Supreme Court Denies Cert. in Vanda, Berkheimer and Athena

This morning, the Supreme Court denied the petitions for cert. filed in the Vanda, Berkheimer and Athena appeals. While the Court had requested and received amici briefs from the Solicitor General that opined that the Court should not grant cert. in Vanda (genotyping to identify appropriate amounts of drug to administer and then administering it) and Berkheimer (Is patent eligibility, e.g., “inventive step” a question of law or fact?), because they were correctly decided, the briefs also strongly suggested that the Court should revisit Prometheus v. Mayo and the patent eligibility of diagnostic tests. Of course, this is not the question that the Court asked the SG to opine on, but the patent bar had some hope that Athena might provide a vehicle for the Court to distinguish Mayo.

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Hulu v. Soundview Innovations – the Shifting Sands of Printed Publications

In Hulu v Soundview Innovations, IPR2018-01039, the PTAB was faced with the question of whether or not a certain textbook was a “printed publication” that was “publicly available” and so qualified as prior art against U.S. Pat. No. 5,806,062 – Patent Owner, Soundview. At the institution phase of the IPR, the Board had found that the textbook (“Dougherty”) had not been adequately shown to be “publicly accessible” enough to qualify as prior art. Because prior Board decisions were in conflict on this issue, a Precedential Opinion Panel (“POP”) review was granted.

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Solicitor General’s Briefs Encourage Supreme Court to Put s. 101 Back on Track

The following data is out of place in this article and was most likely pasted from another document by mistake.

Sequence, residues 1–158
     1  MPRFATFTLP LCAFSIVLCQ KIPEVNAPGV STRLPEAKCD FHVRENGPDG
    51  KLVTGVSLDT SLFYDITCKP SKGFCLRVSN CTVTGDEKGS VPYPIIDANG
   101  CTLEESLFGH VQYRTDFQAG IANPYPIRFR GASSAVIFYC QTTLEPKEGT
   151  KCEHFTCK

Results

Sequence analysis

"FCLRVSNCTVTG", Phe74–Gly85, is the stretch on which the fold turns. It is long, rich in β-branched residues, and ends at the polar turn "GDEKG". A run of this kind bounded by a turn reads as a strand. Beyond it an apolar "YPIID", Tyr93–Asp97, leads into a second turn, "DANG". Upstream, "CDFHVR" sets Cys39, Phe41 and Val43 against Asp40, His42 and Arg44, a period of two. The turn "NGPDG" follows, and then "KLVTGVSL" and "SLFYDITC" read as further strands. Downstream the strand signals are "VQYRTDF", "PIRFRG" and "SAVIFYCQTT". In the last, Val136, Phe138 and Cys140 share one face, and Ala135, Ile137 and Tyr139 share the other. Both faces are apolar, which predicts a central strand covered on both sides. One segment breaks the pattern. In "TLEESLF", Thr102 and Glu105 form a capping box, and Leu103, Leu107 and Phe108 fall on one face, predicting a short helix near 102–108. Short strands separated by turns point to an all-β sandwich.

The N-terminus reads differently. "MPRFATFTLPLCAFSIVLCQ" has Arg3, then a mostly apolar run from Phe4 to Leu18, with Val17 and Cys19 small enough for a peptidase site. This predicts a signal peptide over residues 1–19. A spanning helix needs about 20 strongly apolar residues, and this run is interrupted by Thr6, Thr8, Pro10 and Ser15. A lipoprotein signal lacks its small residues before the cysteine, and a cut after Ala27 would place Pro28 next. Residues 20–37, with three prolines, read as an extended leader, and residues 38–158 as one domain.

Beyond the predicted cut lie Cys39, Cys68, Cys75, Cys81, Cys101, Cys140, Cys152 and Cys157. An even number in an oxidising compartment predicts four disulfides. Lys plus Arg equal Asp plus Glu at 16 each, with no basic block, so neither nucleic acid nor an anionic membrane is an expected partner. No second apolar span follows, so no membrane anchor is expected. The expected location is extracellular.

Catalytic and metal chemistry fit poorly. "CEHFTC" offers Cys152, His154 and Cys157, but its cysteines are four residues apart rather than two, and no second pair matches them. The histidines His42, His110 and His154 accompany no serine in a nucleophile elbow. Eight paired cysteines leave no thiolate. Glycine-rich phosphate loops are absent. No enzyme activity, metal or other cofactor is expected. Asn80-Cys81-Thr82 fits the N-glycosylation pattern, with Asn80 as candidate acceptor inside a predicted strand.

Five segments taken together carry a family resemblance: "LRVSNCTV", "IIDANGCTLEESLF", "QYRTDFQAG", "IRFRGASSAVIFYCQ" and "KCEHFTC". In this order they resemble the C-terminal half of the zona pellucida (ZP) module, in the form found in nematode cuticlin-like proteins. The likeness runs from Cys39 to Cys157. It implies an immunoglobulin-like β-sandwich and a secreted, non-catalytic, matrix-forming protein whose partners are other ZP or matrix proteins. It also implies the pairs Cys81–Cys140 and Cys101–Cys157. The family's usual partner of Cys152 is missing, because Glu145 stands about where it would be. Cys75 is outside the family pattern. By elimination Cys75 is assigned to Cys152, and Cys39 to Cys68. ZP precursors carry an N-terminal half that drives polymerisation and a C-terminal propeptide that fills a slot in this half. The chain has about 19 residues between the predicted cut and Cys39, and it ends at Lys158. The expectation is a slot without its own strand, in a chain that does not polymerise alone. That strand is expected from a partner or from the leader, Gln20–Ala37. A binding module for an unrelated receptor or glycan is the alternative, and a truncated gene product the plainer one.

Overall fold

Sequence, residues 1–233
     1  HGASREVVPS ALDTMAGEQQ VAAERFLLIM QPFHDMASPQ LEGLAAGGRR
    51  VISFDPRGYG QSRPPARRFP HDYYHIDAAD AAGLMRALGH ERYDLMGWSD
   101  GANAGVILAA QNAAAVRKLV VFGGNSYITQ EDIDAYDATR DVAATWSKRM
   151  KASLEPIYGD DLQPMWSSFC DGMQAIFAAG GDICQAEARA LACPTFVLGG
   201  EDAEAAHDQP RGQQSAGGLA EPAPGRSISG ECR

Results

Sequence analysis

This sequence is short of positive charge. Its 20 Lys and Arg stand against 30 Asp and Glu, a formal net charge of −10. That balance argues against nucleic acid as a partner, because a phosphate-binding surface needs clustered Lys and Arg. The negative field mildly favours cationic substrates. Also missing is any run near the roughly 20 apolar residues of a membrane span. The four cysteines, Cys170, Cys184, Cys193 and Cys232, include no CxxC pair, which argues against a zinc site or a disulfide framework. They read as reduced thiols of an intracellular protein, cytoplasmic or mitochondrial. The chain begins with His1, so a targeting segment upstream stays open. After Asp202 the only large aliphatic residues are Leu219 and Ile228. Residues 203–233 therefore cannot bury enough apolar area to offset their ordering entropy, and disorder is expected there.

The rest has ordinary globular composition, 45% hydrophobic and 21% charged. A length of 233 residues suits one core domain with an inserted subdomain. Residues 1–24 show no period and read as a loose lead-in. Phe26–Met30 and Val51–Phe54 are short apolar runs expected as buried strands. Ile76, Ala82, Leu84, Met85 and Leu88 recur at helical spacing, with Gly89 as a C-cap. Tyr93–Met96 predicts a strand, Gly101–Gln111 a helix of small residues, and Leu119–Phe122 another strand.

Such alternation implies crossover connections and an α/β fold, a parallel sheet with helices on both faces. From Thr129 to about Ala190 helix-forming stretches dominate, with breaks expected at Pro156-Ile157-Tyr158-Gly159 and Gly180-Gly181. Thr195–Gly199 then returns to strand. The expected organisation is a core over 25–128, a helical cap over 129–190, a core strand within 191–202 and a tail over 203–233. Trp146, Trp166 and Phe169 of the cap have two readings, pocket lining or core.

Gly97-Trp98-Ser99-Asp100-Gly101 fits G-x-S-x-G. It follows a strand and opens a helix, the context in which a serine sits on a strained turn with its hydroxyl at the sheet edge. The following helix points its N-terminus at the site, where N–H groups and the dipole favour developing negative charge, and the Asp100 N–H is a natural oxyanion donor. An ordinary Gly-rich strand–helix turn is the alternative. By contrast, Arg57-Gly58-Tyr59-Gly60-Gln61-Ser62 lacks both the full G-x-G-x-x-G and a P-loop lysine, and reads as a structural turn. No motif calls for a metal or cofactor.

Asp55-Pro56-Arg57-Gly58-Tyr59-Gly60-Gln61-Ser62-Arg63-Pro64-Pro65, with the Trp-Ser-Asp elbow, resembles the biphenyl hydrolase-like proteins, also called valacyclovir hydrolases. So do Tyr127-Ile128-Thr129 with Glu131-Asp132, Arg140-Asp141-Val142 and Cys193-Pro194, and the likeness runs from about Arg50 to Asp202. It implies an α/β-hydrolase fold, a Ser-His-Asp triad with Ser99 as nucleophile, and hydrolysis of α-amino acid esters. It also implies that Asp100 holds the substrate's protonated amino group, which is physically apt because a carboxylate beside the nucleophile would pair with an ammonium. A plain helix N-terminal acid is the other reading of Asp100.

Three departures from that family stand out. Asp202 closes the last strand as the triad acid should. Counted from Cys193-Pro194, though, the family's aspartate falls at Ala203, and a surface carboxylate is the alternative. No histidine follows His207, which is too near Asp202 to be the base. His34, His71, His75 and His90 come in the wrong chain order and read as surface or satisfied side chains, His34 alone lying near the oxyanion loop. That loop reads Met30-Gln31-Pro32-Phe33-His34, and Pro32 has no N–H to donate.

Earlier this year, the Supreme Court issued orders to the Solicitor General to weigh in on whether or not the Court should grant cert. in two high profile Fed. Cir. decisions: Hikma Pharm. USA Inc, v. Vanda Pharm. Inc., No. 18-817, and HP Inc. v. Berkheimer (18-415). The SG has responded by filing two amicus briefs to the Court. Each brief argues that cert. should be denied since, in the SG’s opinion, both Vanda and Berkheimer were correctly decided. The SG’s opinions argue that, in the case of Vanda, methods of medical treatment have long been found to be patent eligible (Vanda) and that the question presented in Berkheimer – whether or not s. 101 inquiries involve questions or law or of fact – is not ripe for consideration, since the parties are still arguing over whether or not the invention is patent-eligible in the first place.

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Nuvo Pharms. v. Dr. Reddy’s Labs. – Catch 22 at the Federal Circuit?

A “catch 22” is defined as a “dilemma or difficult circumstance from which there is no escape because of mutually conflicting or dependent conditions.” (As in if a pilot claims he is too mentally ill to fly missions, he has demonstrated his own sanity in making the request. This is from the novel Catch 22 by Joseph Heller.)

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